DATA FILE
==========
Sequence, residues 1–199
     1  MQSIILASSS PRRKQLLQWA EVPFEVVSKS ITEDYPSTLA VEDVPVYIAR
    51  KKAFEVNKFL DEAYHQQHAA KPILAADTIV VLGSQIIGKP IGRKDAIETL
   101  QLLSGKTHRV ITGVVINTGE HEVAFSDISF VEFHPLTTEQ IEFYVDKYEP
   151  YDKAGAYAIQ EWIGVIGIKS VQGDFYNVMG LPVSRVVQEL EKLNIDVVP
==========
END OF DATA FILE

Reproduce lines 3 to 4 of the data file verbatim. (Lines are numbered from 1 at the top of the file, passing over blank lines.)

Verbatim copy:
    51  KKAFEVNKFL DEAYHQQHAA KPILAADTIV VLGSQIIGKP IGRKDAIETL
   101  QLLSGKTHRV ITGVVINTGE HEVAFSDISF VEFHPLTTEQ IEFYVDKYEP